Daylily vs. Lily Redux


This weekend my mother came to visit, so in order to spend more time with her, I am republishing a post from 2012, which I think many may find informative and appropriate for the season.

Summer is now in full gear here in Delaware County. Most trees and shrubs such as crabapples, lilacs, cherries and mock-oranges are done with flowering. Many roses have finished their first flush. A notable exception are the hydrangeas, which are now beginning to bloom.


Many perennials are in full flower now. Some of the most conspicuous of these are the lilies (genus Lilium) and daylilies (genus Hemerocallis). Beginning gardeners often confuse the two groups of plants, because they bloom at the same time and have very large showy flowers based on the six-pointed star shape, and because they are both often commonly called “lilies”. Here is the easiest way to determine if a plant flowering in your garden right now is a lily or a daylily.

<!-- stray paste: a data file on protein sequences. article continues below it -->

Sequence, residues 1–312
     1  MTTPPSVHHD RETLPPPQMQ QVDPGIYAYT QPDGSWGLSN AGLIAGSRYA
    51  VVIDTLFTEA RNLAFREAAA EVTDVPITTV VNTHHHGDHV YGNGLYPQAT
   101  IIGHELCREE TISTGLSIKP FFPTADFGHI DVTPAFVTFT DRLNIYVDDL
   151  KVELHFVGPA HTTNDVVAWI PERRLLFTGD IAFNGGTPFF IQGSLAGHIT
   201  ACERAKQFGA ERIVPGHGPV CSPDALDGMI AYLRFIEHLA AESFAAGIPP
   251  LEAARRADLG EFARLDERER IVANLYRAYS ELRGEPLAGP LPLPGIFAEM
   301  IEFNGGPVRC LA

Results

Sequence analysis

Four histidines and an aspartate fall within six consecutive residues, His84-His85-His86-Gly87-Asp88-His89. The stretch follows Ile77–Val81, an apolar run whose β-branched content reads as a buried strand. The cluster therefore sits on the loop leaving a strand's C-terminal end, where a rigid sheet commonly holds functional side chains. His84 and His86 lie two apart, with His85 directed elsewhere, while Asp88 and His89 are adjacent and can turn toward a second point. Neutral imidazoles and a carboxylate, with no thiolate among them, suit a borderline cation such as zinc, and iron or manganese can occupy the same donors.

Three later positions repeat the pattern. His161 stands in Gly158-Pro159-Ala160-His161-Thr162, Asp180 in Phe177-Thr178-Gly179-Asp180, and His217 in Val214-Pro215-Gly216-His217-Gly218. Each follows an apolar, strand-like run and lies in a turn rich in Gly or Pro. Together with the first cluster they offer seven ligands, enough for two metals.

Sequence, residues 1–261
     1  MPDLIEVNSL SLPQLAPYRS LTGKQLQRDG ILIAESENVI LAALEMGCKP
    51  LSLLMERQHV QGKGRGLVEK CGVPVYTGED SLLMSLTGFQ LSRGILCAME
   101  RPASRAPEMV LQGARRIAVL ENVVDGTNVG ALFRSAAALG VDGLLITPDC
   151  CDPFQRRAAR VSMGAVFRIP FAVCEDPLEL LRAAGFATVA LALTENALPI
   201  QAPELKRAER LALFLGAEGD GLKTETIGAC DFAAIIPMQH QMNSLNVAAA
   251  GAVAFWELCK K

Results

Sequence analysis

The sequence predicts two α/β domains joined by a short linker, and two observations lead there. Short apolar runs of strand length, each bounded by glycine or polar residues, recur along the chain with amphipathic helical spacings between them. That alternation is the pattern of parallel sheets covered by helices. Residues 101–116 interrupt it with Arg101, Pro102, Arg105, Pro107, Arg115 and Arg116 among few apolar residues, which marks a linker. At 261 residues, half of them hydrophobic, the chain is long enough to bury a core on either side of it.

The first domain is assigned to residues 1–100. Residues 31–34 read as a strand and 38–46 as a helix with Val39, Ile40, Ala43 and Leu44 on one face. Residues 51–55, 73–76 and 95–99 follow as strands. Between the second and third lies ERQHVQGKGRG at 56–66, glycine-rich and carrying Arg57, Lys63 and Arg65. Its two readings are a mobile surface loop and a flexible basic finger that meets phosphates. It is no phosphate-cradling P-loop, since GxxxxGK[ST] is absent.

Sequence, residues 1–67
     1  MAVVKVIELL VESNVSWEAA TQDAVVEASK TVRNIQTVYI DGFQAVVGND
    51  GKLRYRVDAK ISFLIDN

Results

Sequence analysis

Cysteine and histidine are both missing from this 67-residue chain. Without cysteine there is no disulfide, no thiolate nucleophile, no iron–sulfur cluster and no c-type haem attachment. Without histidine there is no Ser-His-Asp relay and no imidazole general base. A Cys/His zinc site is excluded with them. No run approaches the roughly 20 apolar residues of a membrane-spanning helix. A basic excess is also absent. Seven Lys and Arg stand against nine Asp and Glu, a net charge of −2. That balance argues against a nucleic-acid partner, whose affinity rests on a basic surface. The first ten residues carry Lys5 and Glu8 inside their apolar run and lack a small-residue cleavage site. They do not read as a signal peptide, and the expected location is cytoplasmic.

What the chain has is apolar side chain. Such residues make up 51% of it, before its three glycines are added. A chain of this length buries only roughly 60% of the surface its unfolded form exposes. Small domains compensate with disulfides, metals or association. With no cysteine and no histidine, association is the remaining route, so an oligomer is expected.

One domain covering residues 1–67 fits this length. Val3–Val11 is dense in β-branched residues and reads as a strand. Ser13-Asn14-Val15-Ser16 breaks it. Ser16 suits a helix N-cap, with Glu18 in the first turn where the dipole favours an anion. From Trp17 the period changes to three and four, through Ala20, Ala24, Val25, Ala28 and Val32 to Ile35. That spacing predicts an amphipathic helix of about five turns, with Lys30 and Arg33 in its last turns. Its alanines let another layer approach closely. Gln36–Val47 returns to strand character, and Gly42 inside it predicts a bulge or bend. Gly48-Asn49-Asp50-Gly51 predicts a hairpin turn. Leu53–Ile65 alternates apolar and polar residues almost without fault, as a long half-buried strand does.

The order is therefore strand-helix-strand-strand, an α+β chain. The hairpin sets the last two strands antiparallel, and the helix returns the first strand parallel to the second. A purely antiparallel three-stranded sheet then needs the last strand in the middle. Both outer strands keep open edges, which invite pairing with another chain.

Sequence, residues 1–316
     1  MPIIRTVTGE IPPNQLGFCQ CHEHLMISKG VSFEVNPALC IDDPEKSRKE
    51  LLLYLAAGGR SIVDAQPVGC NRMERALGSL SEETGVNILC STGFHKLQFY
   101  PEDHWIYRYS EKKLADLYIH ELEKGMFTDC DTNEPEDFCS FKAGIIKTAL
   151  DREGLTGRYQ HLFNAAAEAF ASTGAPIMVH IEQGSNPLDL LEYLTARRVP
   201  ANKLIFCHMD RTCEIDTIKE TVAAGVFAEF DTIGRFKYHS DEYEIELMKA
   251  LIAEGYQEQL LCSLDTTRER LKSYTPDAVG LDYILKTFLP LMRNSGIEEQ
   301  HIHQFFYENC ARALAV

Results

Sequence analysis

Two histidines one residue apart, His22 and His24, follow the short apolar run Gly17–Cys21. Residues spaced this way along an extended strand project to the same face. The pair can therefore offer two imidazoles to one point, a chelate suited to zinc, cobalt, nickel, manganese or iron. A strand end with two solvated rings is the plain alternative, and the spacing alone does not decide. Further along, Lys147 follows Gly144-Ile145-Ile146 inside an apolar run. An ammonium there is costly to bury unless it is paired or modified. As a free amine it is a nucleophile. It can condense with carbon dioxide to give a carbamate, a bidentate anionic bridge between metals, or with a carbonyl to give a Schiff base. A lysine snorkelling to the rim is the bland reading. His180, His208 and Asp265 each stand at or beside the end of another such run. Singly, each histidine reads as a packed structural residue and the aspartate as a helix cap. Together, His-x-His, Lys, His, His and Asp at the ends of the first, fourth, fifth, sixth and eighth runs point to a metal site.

Lilies have single stalks with leaves arranged up and down the stem, the flowers sit on top of the leafy stem.






Daylilies have clumps of grass-like leaves at the base arranged in a fan shape, with mostly bare stems holding up the flowers.








There are around 100 species of lilies (Lilium) found all over the northern hemisphere, including North America where there are 22 species, but most of these are western species. Wild lilies are not all that common in Delaware County; the species Lilium canadensis is occasionally found along the shaded banks of streams and brooks.


Daylilies (Hemerocallis)are not native to North America at all, but one species has become very common along roadsides and around old foundations here in Delaware County. The Common Orange Daylily (Hemerocallis fulva) was introduced to New York State by Dutch gardeners in the 1600s, and has since become well established. It is even considered an invasive alien species in Wisconsin.

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